It’s between the Harrys (Harries? Anyway, “Between the Harries” sounds like we just started a new reality show).

Don’t be misled by Spurs’ remarkable job making up for the loss of Harry Kane to injury late last season; the big striker is still on history-making pace for his young-enough career. Since becoming a full-time starter, Kane has 162 goals in 241 matches. Would you believe he’s not 27 until next summer?

Harry Winks is the ball-possessing, clean-passing motor that so many teams crave for their midfield. He’s been a 90-plus percentage passer in every season, and has completed 94 percent this early season. Again, small sample size, but his 75 passes per game trails Nicolas Otamendi, Aymeric Laporte, Granit Xhaka, Paul Pogba, and teammate Toby Alderweireld.

It’s almost a coin flip here. We’re taking Kane, but we’re basing it on a tiebreaker of advanced statistics. Anyone making an argument for the 23-year-old Winks deserves to be heard.

Manchester United

This is perhaps the trickiest call of the bunch.

Anthony Martial has been far and away the most important player to the Red Devils’ early season, sputtering as it may be, but it’s far too soon to say he’s irreplaceable.

Four players have played every minute of the early season: Aaron Wan-Bissaka, Harry Maguire, Paul Pogba, Victor Lindelof, and David De Gea. Both Marcus Rashford and Scott McTominay have nearly played the full 360.

The fact of the matter, and this belies United’s plight, is that United is too thin to have a single player who would hurt the most to lose; Forced to choose one, we’ll say Maguire as he’s the most proven consistent entity of the bunch.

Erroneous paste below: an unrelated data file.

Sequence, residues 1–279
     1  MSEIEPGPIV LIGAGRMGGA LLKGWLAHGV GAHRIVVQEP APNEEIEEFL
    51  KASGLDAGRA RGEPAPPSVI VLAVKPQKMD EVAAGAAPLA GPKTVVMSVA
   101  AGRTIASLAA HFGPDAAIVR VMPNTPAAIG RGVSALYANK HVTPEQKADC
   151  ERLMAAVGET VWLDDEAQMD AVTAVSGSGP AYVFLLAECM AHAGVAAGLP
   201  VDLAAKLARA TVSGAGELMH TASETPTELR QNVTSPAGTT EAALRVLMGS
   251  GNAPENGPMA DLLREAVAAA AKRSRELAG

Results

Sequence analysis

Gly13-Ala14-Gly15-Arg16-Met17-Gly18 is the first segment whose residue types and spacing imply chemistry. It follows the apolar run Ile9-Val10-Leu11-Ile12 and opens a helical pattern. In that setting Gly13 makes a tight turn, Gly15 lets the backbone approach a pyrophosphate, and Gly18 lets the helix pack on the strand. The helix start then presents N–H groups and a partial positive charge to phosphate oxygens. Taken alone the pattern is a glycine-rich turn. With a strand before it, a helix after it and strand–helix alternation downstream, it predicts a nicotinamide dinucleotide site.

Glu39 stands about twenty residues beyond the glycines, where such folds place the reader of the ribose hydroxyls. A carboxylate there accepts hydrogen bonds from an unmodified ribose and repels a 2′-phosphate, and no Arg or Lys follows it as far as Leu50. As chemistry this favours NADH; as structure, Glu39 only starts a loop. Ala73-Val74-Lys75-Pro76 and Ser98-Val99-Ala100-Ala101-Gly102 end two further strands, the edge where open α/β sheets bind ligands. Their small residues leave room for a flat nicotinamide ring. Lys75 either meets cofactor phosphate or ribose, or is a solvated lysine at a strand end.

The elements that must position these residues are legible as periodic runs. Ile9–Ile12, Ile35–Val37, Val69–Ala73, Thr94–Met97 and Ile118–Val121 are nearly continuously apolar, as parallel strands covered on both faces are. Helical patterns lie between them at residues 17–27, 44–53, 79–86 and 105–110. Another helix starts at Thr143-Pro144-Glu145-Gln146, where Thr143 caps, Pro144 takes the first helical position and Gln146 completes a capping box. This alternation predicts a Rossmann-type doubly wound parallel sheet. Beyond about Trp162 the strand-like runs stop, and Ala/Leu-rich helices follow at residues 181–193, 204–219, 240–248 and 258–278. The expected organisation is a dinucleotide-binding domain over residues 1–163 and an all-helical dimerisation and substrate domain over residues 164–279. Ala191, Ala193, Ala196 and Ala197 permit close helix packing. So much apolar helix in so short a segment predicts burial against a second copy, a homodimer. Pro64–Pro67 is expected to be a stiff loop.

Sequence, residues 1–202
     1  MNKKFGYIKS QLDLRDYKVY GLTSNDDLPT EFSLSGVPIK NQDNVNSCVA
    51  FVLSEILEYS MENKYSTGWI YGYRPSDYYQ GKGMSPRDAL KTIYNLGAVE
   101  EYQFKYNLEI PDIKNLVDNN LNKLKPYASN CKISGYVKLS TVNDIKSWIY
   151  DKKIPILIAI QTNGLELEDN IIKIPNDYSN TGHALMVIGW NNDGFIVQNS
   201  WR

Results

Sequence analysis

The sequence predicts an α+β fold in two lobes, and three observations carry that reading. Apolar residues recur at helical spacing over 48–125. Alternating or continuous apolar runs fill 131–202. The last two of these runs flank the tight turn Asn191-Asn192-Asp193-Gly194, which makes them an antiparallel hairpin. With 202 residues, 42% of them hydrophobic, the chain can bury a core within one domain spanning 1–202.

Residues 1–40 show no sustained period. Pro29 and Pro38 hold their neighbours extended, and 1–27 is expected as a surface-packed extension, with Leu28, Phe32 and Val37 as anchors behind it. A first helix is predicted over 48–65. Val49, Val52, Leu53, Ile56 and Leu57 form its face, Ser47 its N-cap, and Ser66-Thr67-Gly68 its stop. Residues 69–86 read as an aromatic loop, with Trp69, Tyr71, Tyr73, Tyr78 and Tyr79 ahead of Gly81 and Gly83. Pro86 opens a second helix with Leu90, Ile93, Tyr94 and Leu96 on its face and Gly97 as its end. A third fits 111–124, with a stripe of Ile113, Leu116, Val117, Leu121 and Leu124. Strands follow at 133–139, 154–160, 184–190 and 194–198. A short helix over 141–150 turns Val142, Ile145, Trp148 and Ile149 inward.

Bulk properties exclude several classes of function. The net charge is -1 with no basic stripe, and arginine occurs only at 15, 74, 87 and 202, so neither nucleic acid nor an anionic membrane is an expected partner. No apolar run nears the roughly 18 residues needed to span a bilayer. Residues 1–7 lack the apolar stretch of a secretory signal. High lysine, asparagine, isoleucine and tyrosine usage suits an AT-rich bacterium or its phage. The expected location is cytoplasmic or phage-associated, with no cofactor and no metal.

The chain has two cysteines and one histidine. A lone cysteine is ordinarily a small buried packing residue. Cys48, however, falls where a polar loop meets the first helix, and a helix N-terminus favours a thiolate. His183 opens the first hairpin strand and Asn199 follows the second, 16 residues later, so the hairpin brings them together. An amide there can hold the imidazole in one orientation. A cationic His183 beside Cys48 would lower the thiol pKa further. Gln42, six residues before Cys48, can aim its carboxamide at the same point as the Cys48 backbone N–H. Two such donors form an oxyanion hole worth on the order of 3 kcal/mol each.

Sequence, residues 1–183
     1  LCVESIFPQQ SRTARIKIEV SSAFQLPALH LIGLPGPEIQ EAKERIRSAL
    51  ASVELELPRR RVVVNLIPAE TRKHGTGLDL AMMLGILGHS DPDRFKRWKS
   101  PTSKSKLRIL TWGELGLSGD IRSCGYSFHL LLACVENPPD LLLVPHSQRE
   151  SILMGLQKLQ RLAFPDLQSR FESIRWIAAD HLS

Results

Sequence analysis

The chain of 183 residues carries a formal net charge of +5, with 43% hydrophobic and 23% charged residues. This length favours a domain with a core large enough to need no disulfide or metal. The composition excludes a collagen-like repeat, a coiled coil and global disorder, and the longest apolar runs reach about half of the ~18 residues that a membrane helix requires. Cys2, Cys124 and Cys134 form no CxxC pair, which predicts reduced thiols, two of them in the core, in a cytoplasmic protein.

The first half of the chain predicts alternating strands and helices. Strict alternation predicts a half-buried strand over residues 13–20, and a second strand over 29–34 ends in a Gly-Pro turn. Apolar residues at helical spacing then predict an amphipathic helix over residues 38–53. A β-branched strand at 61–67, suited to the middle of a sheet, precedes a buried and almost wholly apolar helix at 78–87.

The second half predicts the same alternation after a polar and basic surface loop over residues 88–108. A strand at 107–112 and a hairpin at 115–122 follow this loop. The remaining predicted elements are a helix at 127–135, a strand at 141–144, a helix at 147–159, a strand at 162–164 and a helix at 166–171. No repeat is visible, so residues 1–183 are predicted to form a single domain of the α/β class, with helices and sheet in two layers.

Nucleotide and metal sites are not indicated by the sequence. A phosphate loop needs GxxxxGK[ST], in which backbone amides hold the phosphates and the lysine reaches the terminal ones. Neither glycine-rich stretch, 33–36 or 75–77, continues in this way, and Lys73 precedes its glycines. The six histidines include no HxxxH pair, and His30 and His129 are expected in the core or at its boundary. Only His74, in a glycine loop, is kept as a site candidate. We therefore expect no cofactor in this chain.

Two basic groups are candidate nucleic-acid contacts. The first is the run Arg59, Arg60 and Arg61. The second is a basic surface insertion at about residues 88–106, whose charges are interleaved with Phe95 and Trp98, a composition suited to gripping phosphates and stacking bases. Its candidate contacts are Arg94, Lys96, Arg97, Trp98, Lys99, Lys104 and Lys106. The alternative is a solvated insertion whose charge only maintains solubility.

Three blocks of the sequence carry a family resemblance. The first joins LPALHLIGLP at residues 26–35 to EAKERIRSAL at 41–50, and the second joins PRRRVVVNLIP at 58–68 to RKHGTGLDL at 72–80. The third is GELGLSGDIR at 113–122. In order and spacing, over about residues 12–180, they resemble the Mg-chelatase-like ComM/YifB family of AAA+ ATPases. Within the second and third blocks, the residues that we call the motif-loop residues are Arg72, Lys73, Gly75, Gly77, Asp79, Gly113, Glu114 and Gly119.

Chelsea

Another tough one, though it seems like it should be an easy one: N’Golo Kante. But he’s still finding his footing under Frank Lampard and last season wasn’t a great one as Maurizio Sarri messed with a great recipe by moving Kante from his role of pure opposition destruction.

Again, Chelsea’s has a good answer in replacement players for any of their stars getting injured; Marcos Alonso is barely playing, same with Michy Batshuayi. Olivier Giroud, Willian, even Pedro.

So while we’d like to make the case for Cesar Azpilicueta, the answer is probably still Kante.

Photo by Marc Atkins/Getty Images)

Arsenal

The easy answer is Pierre-Emerick Aubameyang, but it is not necessarily the correct answer because of replaceability. If the Gabonese superstar goes down, Unai Emery can still roll out a strike force with Alexandre Lacazette and Nicolas Pepe.

The Gunners are very thin at center back, but the problem is that the starters aren’t stars.

So we’ll proffer one that’s a bit out of the box: Bernd Leno. The goalkeeper has been pretty darn good considering his team has offered very little resistance to attacks. His back-ups are Emiliano Martinez and Matt Macey. There’s no rule stating one of those two wouldn’t be a good starter, but they have six PL appearances between them (all Martinez).

Liverpool

It’s Virgil Van Dijk.

Mohamed Salah is the straw that stirs the drink, but the Reds have a very good attackers behind him (both young and experienced) and made a run to the Champions League and a record league point total while he was not exactly thriving in form (Salah had a lone goal in an eight-match league run over February and March, and missed the incredible Barcelona comeback with a concussion).

The idea of it being Alisson Becker is interesting, but for Liverpool supporters that is probably fueled more by watching substandard keepers derail their dreams for a couple of years. For a neutral and especially for stat hounds, it’s not as big of a drop to Adrian as it seems (but it’s big).